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Energy drinks create health problems for users

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A new government survey of U.S. hospitals reveals that more than 20,000 people visited the emergency room in 2011 after consuming energy drinks, which is double the amount of visits five years ago.

The majority of people who consume energy drinks and suffer complications are teens and young adults, with 18- to 25-year-olds being the heaviest users, according to the Substance Abuse and Mental Health Services Administration.

Pam Thornton, administrative director of North Florida Regional Medical Center, said young people are inclined to use energy drinks.

“They have a tendency to really burn the candle at both ends,” Thornton said. “It’s the nature of that age group to do that.”

The ability to get instant energy drinks remains an attraction for many students who say they need the drinks to perform well academically, despite the risks. A can or bottle of an energy drink can have up to five times more caffeine than a cup of coffee.

Ogechi Ochata, a junior at the University of Florida, said, “I feel like I can stay up longer, and I do actually stay up longer throughout the night.”

That extra push comes with risks, especially when energy drinks are consumed with other substances.

About 40 percent of the ER visits in 2011 involved adverse reactions with other drugs.

“It’s important that you understand what ingredients – what the active ingredients – are of your prescription or your over the counter medications and how they interact
with different food items,” Thornton said.

Physicians said adverse reactions can be anything from nausea or feeling light-headed  to feelings of panic, anxiety and even heart problems.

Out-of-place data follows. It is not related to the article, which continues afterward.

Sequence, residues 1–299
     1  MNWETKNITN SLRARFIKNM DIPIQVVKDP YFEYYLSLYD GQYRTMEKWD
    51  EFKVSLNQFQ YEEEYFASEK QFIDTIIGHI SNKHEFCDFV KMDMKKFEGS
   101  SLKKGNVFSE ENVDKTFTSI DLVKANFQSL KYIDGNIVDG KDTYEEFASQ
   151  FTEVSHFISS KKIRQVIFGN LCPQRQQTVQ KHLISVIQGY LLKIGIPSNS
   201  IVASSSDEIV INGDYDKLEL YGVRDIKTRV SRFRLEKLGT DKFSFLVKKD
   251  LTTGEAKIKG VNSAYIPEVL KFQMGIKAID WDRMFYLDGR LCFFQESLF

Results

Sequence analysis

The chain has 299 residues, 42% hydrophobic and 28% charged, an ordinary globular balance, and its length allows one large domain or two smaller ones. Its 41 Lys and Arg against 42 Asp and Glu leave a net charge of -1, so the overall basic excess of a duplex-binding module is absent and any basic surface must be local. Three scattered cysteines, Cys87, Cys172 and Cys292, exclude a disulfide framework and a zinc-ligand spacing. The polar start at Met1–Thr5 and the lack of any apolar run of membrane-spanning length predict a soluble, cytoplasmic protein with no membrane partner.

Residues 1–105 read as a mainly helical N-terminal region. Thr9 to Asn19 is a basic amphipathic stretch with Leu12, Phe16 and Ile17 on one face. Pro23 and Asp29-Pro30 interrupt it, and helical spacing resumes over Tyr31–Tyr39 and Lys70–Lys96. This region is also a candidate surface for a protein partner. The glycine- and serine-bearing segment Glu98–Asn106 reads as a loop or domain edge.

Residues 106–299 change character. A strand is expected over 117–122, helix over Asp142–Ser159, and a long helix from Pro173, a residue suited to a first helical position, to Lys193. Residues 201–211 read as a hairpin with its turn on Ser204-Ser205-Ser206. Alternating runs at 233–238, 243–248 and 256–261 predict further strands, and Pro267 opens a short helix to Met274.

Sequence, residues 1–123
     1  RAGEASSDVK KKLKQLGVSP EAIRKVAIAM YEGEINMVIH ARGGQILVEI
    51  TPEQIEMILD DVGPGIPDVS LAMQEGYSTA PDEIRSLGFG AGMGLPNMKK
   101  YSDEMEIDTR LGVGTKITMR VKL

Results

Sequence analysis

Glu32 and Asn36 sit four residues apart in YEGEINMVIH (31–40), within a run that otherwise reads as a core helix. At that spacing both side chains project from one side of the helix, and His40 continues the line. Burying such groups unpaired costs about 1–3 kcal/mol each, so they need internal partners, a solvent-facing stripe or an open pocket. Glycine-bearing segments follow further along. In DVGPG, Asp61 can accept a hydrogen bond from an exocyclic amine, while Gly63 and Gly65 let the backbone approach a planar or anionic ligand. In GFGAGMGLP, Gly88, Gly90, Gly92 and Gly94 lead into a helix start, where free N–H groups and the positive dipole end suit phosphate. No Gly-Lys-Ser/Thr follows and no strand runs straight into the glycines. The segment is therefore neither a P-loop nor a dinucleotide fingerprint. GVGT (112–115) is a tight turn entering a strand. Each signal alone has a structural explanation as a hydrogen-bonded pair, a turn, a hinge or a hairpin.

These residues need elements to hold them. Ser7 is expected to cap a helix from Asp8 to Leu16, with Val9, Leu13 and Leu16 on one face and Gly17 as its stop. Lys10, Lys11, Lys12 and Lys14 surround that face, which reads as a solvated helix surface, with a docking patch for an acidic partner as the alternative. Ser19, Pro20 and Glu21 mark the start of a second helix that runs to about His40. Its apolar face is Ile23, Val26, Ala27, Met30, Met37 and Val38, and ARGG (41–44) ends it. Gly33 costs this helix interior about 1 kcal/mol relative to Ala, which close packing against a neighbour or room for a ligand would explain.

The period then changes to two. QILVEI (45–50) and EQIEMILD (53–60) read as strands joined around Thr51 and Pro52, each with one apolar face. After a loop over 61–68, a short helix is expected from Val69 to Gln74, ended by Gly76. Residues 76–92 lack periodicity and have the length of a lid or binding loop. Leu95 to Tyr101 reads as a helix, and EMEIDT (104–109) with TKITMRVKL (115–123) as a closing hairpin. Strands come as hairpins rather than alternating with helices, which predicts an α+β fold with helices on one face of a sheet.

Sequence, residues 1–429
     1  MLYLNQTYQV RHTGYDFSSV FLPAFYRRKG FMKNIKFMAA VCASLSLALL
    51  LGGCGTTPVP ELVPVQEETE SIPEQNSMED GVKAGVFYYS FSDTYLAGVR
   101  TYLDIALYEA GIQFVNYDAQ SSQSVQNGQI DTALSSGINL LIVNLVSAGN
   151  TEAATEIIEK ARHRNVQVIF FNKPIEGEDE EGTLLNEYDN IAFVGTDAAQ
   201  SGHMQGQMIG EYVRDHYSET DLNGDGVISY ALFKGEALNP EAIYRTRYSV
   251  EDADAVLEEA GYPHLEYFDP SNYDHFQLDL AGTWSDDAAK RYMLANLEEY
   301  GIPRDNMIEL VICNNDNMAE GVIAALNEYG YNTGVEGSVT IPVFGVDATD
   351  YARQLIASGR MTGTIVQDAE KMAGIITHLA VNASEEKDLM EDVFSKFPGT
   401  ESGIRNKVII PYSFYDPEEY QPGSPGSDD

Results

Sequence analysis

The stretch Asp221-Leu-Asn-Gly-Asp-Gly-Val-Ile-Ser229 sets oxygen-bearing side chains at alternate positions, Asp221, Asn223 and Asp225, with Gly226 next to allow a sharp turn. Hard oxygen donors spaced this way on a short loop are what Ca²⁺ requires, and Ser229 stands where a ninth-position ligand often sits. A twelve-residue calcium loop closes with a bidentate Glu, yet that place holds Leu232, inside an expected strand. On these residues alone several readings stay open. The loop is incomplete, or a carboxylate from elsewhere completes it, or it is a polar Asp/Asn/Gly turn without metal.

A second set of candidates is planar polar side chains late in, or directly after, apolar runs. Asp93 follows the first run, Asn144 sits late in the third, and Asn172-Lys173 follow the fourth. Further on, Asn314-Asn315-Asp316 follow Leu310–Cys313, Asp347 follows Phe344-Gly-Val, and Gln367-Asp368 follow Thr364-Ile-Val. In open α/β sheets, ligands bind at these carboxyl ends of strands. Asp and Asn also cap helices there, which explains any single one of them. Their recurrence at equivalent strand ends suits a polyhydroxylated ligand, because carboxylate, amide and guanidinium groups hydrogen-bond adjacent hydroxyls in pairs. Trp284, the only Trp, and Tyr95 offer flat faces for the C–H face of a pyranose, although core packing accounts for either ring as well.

People that mix energy drinks with alcohol are three times more likely to leave a bar highly intoxicated and four times more likely to drive drunk, according to a study published in 2010.

It’s unknown how many people had adverse reactions but didn’t seek treatment.

Adelaide Sefah, a junior at UF, experienced adverse effects after consuming a number of energy drinks.

“I took several back-to-back,” Sefah said. “I did well on the exam. I stayed up. I studied, and then I felt like I couldn’t go to work. I felt like I was gonna vomit. I felt like I was gonna faint.”

Recently, the American Academy of Pediatrics discouraged the use of energy drinks for children of all ages, and the Centers for Disease Control and Prevention and the Institute of Medicine recommended that all drinks in schools should be caffeine-free.

Despite growing medical evidence to suggest caution, many students say their habits won’t change.

“I’m trying to get into medical school,” Sefah said. “I think I’ll still drink them.”

Andrew V. Pestano contributed to this story. Emily Stanton edited this story online.

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